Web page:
Endowment FAQs

Last update: May 25, 2018

General

1. Do you spend the money that is given to you for the endowment?

No, we don’t spend the endowment. The initial amount of money raised, either through donations or through land sales, becomes the principle. We invest the principle and use the money it generates (through interest and dividends) to support the purposes that were specified by donors or by the policies of the board related to land sales.

^ Back to Top


 2. Why don’t you spend the principle?

The endowment ensures that UBC has the ability to fund academic excellence in perpetuity. By protecting the principle, we have the ability to ensure an important funding source for future generations.

^ Back to Top


3. Do endowment funds go to paying for salaries?

The endowment does not generally fund the salaries of faculty and staff. However, some endowment funds are used for special research chairs, which includes supporting faculty positions in very specific academic areas.

^ Back to Top


4. Do endowment funds pay for other operating costs?

No, the endowment fund is separate from the operating budget and is not used to fund the core activities of the university.

^ Back to Top


Responsible Investment Policy

1. Why is there a policy on responsible investment?

UBC is being proactive to determine how to reflect its values through its endowment fund investments. The policy balances UBC’s fiduciary responsibility with the need to create clear, balanced mechanisms to make appropriate responsible investment decisions.

^ Back to Top

 

 


2. What exactly is ‘responsible investing’?

Responsible investing is an approach that explicitly acknowledges the environmental and social performance of companies and industries along with the long-term health and stability of the financial market as a whole. Responsible investing requires companies and investors to take a wider view, and recognizes that the generation of long-term, sustainable returns is dependent on stable, well-functioning and well-governed social, environmental and economic systems.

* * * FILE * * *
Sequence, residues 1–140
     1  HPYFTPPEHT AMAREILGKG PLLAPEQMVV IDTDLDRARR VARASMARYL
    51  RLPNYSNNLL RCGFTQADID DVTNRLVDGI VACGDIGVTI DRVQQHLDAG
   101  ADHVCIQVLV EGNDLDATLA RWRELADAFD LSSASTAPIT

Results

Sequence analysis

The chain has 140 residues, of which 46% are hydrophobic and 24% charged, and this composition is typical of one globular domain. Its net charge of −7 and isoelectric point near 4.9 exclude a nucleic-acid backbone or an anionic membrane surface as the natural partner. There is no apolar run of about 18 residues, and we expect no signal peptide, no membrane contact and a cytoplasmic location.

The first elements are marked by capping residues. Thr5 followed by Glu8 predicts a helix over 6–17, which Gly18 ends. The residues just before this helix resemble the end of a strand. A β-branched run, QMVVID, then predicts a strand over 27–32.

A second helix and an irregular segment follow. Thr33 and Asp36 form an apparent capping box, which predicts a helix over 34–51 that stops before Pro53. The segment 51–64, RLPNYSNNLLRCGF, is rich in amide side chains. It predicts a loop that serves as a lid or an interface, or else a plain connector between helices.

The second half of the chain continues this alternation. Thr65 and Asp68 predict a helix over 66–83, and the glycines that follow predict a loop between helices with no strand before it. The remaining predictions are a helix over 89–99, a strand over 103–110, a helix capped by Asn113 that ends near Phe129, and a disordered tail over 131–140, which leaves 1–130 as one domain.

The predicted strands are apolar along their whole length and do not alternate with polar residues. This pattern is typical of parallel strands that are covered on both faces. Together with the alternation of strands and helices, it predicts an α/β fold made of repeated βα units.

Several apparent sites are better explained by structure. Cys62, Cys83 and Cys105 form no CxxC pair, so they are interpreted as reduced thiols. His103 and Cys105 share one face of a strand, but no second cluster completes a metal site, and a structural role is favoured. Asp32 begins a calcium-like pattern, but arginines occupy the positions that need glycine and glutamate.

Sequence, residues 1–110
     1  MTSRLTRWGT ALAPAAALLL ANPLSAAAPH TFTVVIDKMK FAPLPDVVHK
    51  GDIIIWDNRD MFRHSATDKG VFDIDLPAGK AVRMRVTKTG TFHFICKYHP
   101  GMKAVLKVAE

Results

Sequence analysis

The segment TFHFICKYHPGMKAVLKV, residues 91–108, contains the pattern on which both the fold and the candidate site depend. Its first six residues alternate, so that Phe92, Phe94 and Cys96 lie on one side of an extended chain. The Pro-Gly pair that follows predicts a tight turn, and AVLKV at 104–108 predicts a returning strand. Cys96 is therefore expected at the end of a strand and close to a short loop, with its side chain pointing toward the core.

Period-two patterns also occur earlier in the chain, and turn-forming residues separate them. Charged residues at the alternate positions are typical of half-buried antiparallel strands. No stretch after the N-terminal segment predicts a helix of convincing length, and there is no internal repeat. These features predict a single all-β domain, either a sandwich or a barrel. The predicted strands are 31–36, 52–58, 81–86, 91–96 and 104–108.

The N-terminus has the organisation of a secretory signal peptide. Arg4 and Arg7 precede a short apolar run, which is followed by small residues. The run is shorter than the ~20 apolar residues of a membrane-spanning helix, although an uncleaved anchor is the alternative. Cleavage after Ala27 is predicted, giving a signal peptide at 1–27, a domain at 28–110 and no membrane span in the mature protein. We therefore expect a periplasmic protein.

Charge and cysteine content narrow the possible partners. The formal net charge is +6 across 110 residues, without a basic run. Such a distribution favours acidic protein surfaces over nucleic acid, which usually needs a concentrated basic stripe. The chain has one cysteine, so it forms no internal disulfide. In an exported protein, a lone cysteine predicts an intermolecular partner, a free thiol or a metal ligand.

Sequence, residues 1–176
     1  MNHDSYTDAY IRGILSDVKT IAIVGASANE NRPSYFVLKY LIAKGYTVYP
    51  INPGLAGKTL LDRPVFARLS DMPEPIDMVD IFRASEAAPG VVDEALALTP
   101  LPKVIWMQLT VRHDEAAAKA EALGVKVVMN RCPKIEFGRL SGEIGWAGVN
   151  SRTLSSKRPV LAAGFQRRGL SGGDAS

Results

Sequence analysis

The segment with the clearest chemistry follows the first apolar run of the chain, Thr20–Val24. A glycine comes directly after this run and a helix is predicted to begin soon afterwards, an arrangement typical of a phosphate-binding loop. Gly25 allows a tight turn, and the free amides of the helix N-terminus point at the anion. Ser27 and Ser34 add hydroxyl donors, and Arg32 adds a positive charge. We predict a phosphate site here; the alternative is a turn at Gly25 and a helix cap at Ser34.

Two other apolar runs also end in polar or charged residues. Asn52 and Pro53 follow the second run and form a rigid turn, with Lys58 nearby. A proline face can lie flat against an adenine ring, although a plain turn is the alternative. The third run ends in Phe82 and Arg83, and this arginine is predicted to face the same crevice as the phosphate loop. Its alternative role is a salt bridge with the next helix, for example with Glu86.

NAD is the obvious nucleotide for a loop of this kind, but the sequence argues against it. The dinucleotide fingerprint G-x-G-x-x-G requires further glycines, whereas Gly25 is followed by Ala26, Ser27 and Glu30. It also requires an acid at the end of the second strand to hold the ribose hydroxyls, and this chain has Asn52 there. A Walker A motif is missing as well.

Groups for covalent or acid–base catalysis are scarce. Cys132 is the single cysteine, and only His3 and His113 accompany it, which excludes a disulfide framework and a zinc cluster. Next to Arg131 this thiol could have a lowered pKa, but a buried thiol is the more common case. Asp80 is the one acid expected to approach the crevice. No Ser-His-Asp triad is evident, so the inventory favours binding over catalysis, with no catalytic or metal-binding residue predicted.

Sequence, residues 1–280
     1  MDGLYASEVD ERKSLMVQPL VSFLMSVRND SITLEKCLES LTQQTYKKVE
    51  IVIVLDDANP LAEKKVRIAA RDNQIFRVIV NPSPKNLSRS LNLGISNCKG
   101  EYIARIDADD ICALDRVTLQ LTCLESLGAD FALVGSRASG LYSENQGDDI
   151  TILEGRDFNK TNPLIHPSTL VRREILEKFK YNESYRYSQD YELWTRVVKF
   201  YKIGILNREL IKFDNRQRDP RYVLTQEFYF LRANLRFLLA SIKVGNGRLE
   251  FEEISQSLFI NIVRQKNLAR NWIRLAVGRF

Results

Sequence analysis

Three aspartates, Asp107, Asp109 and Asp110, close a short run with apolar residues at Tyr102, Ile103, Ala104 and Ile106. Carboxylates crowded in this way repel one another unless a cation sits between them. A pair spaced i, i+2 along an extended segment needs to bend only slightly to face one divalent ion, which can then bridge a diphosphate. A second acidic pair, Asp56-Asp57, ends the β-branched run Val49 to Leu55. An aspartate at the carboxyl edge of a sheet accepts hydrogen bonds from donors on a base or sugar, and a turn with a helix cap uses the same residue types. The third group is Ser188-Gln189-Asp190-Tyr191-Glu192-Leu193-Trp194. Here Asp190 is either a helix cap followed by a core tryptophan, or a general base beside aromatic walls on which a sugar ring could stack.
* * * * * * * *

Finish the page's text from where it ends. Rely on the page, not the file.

^ Back to Top


3. Who decides what companies UBC invests in?

UBC does not directly invest in specific companies, but invests in pooled funds managed by external managers. UBC’s endowment fund is the responsibility of the Board of Governors, which delegates its management to UBC Finance, and implementation of its investment policy to UBC’s Investment Management Trust Inc. (IMANT). The investment policy asset mix is recommended by the IMANT Board of Directors and approved by the UBC Board of Governors and sets out where the assets of the UBC Endowment are to be invested. Visit the UBC IMANT website to see the statement of IMANT investment beliefs.

^ Back to Top


4. What are the concerns raised by industry experts about divestment?

UBC consulted with industry experts, most of whom favour an approach of engaging companies to influence them to improve their environmental and social governance performance.

Concerns were raised that divestment is often more symbolic than effective, and on some occasions, divestment can carry the risk of unintended negative consequences – i.e. divesting opens up opportunities for less responsible investors, and can drive investment to countries with weak or nonexistent regulatory regimes or ESG standards.

From an economic perspective, screening out entire sectors such as the Canadian energy sector would push investments outside of the country, into geographic areas that often have more questionable social and environmental records. It would also penalize energy companies with strong environmental records and those that have diversified their portfolios to include renewable energies.

^ Back to Top


5. Is this policy final?

As part of the responsible investment policy, UBC, through its Board of Governors, has committed to reviewing its responsible investment policies at least every three years – and more often if justified by rapid industry changes.

^ Back to Top


6. How does investment in the Sustainable Future Pool impact the donor’s charitable purpose?

The largest difference is that when making investment decisions, in addition to its fiduciary responsibility to the charitable purpose and an obligation to invest in the best interest of UBC, SFP investment decisions will also consider non-financial standards such as carbon emission.

In addition to this governance difference between the two endowments pools,
• the SFP currently has a lower spend rate; and
• terms for the endowment will need to include UBC’s ability to alter the fund’s investment profile if deemed in the best interest of the charitable purpose and UBC.

^ Back to Top


7. Does the Sustainable Future Pool answer the call for divestment of fossil fuels made by UBC students and faculty in 2015?

The referenda called for divestment of fossil fuels in the UBC Endowment. It was legally determined that divestment of the UBC Endowment from fossil fuels is inconsistent with UBC’s Responsible Investment Policy and UBC’s fiduciary responsibilities.

The SFP pursues sustainability concepts beyond the progressive strategies already being incorporated in the Main Endowment Pool and will have reduced or no fossil fuel investments (currently it has none) and target lower carbon emissions.

^ Back to Top